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On January 11, 2016, the Supreme Court heard oral argument in Friedrichs v. California Teachers Association. Under California law and existing Supreme Court precedent, unions can become the exclusive bargaining representative for the public school employees of their district and establish an “agency shop” arrangement requiring public school employees either to join the union or pay a fee to support the union’s collective bargaining activities. Although the First Amendment prohibits unions from compelling non-members to support activities unrelated to collective bargaining, in California non-members must affirmatively “opt out” to avoid paying for these unrelated or “nonchargeable” expenses.

Here a group of public school employees sued the California Teachers Association and various other entities, arguing that the agency shop arrangement itself--as well as the opt-out requirement--violated the First Amendment. The district court denied their claim and the U.S. Court of Appeals for the Ninth Circuit affirmed based on existing precedent and the 1997 Supreme Court decision Abood v. Detroit Board of Education.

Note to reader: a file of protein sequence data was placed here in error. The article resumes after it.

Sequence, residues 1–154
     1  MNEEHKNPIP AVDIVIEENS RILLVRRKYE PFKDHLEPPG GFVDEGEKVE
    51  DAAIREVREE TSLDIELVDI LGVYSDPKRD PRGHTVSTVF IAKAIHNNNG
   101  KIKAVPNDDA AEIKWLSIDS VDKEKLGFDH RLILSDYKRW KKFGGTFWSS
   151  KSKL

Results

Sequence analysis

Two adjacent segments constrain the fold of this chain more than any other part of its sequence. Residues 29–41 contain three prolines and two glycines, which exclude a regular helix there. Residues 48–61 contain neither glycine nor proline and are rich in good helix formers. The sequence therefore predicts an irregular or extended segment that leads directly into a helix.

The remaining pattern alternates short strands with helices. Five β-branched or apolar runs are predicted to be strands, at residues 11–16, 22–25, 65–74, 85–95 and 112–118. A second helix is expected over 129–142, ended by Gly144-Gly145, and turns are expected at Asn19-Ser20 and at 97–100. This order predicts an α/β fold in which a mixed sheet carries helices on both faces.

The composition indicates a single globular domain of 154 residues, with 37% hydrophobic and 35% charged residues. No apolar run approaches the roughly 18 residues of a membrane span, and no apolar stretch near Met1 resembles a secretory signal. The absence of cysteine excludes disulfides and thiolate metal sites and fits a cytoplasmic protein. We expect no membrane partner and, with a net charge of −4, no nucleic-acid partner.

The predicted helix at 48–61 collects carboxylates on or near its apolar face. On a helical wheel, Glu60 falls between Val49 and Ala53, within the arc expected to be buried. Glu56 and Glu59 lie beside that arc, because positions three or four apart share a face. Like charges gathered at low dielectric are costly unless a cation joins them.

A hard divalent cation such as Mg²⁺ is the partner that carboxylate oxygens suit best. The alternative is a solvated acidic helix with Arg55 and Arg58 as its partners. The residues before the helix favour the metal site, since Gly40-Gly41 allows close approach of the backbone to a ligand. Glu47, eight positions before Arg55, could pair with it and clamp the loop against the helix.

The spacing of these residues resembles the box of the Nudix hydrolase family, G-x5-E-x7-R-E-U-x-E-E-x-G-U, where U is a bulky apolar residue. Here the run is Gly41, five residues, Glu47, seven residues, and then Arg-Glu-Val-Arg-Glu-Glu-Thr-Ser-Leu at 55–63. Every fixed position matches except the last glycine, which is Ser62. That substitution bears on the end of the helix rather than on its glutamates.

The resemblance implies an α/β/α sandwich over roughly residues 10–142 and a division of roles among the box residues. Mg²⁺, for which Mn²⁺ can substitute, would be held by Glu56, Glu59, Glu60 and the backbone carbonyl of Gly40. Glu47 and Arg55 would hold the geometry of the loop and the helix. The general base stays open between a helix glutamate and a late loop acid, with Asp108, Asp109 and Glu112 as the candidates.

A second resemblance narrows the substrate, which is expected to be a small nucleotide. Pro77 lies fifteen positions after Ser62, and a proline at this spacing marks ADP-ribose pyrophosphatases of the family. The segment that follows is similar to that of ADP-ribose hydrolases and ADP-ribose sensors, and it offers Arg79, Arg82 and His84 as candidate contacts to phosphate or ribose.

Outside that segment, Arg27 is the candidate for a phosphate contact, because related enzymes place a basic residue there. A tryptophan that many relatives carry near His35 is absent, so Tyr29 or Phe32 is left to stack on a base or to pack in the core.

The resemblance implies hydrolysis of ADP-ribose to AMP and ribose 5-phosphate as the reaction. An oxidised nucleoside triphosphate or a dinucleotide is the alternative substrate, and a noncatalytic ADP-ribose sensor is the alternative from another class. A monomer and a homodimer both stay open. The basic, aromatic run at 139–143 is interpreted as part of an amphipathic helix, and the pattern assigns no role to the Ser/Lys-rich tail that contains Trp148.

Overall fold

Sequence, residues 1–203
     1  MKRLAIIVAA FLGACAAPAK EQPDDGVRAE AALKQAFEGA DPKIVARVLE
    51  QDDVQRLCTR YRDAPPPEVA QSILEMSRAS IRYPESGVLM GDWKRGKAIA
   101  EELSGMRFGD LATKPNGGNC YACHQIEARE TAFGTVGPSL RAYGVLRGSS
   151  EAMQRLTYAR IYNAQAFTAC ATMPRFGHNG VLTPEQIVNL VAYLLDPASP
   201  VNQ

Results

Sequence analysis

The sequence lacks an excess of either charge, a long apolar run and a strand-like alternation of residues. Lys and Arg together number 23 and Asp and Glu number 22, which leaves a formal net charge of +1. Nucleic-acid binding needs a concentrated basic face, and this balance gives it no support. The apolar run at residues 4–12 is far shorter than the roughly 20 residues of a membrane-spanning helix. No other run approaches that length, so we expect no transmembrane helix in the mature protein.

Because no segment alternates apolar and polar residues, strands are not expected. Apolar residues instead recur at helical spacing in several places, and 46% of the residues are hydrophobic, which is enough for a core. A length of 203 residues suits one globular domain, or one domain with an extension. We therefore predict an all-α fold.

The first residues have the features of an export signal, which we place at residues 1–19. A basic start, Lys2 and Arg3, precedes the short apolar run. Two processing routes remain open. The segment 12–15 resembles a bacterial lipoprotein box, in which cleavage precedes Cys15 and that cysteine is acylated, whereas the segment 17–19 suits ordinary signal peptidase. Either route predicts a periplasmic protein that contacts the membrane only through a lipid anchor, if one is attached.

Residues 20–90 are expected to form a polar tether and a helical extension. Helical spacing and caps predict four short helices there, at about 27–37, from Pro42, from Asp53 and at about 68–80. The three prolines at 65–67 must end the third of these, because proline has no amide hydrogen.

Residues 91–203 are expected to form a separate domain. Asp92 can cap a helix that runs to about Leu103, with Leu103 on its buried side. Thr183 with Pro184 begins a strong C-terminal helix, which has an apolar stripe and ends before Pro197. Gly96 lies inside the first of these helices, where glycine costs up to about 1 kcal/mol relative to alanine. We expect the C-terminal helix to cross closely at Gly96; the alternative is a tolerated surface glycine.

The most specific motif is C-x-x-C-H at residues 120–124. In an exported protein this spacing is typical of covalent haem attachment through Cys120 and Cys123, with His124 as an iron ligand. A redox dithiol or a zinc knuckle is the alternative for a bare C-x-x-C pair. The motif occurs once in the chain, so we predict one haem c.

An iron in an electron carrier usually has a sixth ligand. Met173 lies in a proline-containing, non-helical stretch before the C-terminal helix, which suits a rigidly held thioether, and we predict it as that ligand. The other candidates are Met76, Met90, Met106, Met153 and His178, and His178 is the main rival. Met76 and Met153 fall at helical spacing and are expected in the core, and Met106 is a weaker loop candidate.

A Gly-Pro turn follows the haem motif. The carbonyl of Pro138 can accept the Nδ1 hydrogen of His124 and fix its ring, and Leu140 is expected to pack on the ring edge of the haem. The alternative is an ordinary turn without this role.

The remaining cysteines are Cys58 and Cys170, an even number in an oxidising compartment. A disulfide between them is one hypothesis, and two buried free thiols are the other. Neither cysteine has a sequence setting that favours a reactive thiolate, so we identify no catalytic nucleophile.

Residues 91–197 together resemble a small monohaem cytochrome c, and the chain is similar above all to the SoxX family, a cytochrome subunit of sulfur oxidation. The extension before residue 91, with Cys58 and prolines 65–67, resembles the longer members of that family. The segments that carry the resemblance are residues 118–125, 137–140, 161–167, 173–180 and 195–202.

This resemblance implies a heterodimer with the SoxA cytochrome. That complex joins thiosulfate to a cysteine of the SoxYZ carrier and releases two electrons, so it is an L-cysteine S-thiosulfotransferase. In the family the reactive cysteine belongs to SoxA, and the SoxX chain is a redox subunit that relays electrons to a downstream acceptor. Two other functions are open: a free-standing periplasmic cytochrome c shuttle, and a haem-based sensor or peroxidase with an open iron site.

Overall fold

The two questions now before the Supreme Court are: (1) Whether the Abood precedent should be overruled and public-sector “agency shop” arrangements invalidated under the First Amendment; and (2) whether it violates the First Amendment to require that public employees affirmatively object to subsidizing nonchargeable speech by public-sector unions, rather than requiring that employees affirmatively consent to subsidizing such speech.

To discuss the case, we have Richard A. Epstein, the Peter and Kirsten Bedford Senior Fellow at the Hoover Institution, Laurence A. Tisch Professor of Law, New York University School of Law and Professor Emeritus and a senior lecturer at the University of Chicago Law School.

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